November 2, 2008 at 5:48 am | Posted in Climate science research | Leave a comment
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If temperatures increase and ice sheets continue to melt, it’s certain sea level will rise.  What’s less certain is by how much and how much fast.

Answering those number questions will take more study of the ice sheets that sit atop Greenland and the Antarctic.

And lots of math.    

A new supercomputer being deployed in Wales is about to be set to work running the many numbers involved. 

The computer – called Blue Ice – will be used to study the behavior of melting polar ice sheets. 

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Understanding bathtubs and climate change

October 31, 2008 at 4:57 pm | Posted in Climate understanding | Leave a comment
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Photo by Bombardier, Creative Commons.

Photo by Bombardier, Creative Commons.

It’s been common to blame the media and global-warming “deniers” for the public’s confusion about climate change.  

The media, it has been said, feel they must always represent opposite sides of opinion. It’s a laudable goal, but not if it results in a distorted picture of scientific consensus.

I.e. two “experts” presented as equals, one whose statements represent a position a hypothetical 90 percent of the scientific community would agree with, and another whose statements represent the thoughts of a spare 5 percent.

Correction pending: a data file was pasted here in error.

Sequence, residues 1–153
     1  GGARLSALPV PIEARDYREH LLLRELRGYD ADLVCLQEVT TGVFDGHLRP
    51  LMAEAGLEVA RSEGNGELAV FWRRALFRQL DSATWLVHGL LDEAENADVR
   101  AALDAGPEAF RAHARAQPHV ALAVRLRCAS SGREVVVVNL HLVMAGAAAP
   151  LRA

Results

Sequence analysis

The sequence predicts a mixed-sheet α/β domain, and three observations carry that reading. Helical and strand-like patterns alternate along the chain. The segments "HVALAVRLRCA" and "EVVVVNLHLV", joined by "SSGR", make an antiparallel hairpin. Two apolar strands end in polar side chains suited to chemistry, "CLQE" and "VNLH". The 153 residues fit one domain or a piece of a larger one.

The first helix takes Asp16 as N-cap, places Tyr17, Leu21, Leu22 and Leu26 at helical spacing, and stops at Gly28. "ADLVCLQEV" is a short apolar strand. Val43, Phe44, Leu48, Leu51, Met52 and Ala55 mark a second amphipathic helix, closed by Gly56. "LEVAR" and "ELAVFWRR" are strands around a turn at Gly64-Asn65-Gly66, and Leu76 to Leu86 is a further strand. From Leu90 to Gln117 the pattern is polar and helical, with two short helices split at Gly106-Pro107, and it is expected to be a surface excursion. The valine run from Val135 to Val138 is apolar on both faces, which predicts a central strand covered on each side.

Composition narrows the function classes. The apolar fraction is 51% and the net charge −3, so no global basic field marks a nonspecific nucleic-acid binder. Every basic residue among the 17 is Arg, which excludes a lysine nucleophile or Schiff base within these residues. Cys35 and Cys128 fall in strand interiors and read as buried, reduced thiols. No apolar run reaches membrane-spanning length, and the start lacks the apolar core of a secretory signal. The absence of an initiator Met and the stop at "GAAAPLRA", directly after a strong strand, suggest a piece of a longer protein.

In such cases, media efforts to produce balance lead to accidental misrepresentations. The “denialists,” on the other hand, are accused of deliberate distortions. 

A new article in the most recent issue of Science, however, suggests there may be more to blame for public confusion about climate change than inaccurate portrayals of scientific opinion. 

The article – “Risk Communication on Climate: Mental Models and Mass Balance” – links a failure to perceive the urgency of reducing carbon emissions to a poor understanding of stocks and flows.

Stocks and flows, as the author John D. Sterman points out, are all about the concept of accumulation, which is a common everyday experience:

“Our bathtubs accumulate the inflow of water through the faucet less the outflow through the drain, our bank accounts accumulate deposits less withdrawals … Yet, despite their ubiquity, research shows that people have difficulty relating into and out of a stock to the level of a stock …,” Sterman writes.